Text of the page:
MP demands answers after government’s axe falls on Wrexham disabled factory

Reporter:

Phil Robinson

WREXHAM MP Ian Lucas is demanding answers from the government on the future of the town’s Remploy factory.

Three years ago the plant in Railway Road, which employs around 50 people with some form of disability, was saved from closure by a massive public campaign.

But now another question mark hangs over its fate.

In announcing its controversial plans for the possible axing of scores of Quangos – Quasi-Autonomous Non-Governmental Organisations – last week, the government made the surprise inclusion of Remploy.

Its future was described as being “under consideration”.

The organisation runs a network of factories across the UK providing decent, well-paid employment for thousands of disabled adults.

Mr Lucas said: “I am deeply concerned at this announcement and I think the staff at Remploy will want urgent clarification of the government’s plans.

“We have fought and won battles to keep a Remploy plant here in Wrexham, and having a question mark like this over the government’s future intentions is not helpful to say the least.

“There may well be a benign explanation for Remploy’s status in this list, but it is vital that the government moves to tackle the questions that status will raise.

“I will be pressing the Government for urgent answers on their plans.”

Mr Lucas has already raised questions about Remploy in the House of Commons.

Cabinet Office Minister Francis Maude told him: “The Secretary of State for Work and Pensions is undertaking a serious review of the future status of Remploy, and is very much aware of its good work and the valuable employment that it provides for many disabled people.”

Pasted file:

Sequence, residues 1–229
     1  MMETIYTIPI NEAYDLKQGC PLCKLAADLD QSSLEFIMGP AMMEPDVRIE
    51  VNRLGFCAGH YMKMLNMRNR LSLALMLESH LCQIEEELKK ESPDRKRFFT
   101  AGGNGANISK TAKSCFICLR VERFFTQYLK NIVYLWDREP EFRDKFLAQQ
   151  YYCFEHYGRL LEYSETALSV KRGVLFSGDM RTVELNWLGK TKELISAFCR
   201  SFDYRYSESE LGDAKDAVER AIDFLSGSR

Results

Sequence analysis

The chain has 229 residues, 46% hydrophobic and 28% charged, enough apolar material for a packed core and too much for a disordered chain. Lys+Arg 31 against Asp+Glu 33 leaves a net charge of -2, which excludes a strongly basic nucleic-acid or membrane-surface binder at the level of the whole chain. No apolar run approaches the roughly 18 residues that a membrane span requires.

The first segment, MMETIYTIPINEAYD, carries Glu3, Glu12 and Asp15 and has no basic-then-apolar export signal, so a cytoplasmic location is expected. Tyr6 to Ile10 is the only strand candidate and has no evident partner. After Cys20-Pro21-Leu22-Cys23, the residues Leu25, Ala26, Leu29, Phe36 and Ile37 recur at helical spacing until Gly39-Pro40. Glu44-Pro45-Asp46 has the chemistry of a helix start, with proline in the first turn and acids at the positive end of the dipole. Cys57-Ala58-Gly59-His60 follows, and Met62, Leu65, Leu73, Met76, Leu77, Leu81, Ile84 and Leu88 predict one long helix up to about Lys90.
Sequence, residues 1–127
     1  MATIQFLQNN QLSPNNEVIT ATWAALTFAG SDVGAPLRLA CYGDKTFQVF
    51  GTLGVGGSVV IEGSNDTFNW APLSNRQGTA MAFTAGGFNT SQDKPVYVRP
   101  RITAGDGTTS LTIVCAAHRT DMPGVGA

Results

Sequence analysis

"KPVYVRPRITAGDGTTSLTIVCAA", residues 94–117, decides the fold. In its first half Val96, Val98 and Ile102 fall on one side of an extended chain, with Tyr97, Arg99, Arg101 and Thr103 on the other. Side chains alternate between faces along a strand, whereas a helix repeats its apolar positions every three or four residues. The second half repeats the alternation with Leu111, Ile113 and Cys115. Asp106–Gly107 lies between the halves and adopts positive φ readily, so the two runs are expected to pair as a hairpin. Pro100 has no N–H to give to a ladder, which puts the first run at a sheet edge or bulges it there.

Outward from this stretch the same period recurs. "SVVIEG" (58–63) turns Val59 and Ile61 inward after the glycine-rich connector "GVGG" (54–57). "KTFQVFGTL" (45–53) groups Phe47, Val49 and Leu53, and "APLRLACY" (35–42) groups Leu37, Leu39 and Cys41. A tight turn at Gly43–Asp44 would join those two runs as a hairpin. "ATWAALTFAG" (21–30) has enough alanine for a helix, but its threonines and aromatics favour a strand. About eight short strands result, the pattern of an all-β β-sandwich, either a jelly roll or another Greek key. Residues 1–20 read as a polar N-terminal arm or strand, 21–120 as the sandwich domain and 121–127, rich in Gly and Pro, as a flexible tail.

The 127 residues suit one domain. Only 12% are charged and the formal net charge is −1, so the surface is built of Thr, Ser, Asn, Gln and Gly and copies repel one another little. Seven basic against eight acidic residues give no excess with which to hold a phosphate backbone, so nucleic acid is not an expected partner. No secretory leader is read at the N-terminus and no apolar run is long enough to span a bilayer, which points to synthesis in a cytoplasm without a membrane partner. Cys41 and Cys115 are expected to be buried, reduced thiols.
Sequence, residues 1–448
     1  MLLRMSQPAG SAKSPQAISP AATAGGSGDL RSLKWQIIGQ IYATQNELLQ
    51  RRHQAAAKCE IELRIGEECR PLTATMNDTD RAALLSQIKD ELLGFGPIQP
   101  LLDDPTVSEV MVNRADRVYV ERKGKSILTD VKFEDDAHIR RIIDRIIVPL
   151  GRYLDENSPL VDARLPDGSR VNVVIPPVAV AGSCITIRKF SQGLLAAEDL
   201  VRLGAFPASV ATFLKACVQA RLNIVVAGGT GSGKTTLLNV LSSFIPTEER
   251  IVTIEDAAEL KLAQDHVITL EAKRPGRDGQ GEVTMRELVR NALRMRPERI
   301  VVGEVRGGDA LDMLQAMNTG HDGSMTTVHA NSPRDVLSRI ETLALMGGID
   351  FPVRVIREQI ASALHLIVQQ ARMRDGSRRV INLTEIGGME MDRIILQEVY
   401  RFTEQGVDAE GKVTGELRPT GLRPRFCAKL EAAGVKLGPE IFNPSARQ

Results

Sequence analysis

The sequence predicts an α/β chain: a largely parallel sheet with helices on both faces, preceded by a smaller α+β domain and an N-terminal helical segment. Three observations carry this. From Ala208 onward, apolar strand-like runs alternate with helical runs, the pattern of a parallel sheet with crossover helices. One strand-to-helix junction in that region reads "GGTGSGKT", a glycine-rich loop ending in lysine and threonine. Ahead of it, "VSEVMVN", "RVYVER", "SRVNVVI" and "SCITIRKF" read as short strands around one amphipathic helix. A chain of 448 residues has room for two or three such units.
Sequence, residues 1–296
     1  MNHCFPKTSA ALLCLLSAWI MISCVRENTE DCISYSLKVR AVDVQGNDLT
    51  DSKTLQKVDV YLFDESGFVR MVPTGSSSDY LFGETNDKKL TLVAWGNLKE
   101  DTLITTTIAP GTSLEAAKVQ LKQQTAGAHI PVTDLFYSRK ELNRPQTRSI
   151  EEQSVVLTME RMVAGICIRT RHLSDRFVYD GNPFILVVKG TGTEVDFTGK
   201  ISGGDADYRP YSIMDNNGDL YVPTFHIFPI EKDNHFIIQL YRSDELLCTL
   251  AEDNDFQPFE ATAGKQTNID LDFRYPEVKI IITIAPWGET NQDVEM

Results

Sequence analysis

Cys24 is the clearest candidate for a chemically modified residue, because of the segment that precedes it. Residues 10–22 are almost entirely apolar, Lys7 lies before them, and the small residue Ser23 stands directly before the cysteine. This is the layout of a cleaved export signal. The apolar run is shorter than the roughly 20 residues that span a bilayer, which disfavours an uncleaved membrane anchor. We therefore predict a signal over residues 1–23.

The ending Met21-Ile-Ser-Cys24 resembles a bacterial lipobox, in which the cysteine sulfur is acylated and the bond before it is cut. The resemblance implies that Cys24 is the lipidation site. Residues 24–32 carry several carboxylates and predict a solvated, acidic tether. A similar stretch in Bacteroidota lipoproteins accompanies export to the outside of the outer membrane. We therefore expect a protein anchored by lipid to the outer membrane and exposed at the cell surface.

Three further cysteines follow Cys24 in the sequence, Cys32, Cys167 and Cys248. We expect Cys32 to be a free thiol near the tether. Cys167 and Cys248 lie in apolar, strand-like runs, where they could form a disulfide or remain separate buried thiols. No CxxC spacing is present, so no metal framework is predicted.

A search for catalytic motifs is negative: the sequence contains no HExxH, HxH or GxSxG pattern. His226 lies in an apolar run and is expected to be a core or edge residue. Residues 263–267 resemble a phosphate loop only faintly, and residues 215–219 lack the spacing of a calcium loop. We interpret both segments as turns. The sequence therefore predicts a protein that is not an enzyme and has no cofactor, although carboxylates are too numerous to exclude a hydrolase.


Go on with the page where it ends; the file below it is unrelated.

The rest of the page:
A spokesman for Remploy would not comment on the current situation while the organisation’s future is still officially under consideration.

In November, 2007 the Wrexham factory was saved from closure after 15,000 people signed a petition calling on the government to keep it open.

Remploy provides opportunities for disabled and able-bodied people to work alongside one another.

After the closure threat was lifted a number of changes were introduced at the site to ensure it remains profitable.

Previously, the factory had produced just office furniture but has now branched out into other products such as bedroom and college furniture.

Earlier this year there was a total of 52 people working at the site – with 51 of those
having some form of disability.

See full story in the Leader

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